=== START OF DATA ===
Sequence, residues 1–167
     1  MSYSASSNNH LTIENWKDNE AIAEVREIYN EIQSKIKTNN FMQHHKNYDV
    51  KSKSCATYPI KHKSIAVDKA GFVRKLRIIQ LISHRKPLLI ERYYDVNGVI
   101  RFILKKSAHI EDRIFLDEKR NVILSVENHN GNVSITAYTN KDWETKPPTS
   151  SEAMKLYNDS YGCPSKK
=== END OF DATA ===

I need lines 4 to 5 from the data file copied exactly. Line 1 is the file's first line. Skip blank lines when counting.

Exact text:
   101  RFILKKSAHI EDRIFLDEKR NVILSVENHN GNVSITAYTN KDWETKPPTS
   151  SEAMKLYNDS YGCPSKK